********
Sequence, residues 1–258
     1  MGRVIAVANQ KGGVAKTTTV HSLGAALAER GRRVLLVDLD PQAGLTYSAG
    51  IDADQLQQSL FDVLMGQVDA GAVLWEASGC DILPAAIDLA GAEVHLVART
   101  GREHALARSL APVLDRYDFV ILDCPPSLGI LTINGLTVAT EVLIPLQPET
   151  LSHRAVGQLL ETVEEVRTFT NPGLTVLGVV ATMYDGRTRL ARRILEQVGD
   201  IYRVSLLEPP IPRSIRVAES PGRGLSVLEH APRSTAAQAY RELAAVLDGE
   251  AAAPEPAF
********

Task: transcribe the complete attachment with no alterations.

Sequence, residues 1–258
     1  MGRVIAVANQ KGGVAKTTTV HSLGAALAER GRRVLLVDLD PQAGLTYSAG
    51  IDADQLQQSL FDVLMGQVDA GAVLWEASGC DILPAAIDLA GAEVHLVART
   101  GREHALARSL APVLDRYDFV ILDCPPSLGI LTINGLTVAT EVLIPLQPET
   151  LSHRAVGQLL ETVEEVRTFT NPGLTVLGVV ATMYDGRTRL ARRILEQVGD
   201  IYRVSLLEPP IPRSIRVAES PGRGLSVLEH APRSTAAQAY RELAAVLDGE
   251  AAAPEPAF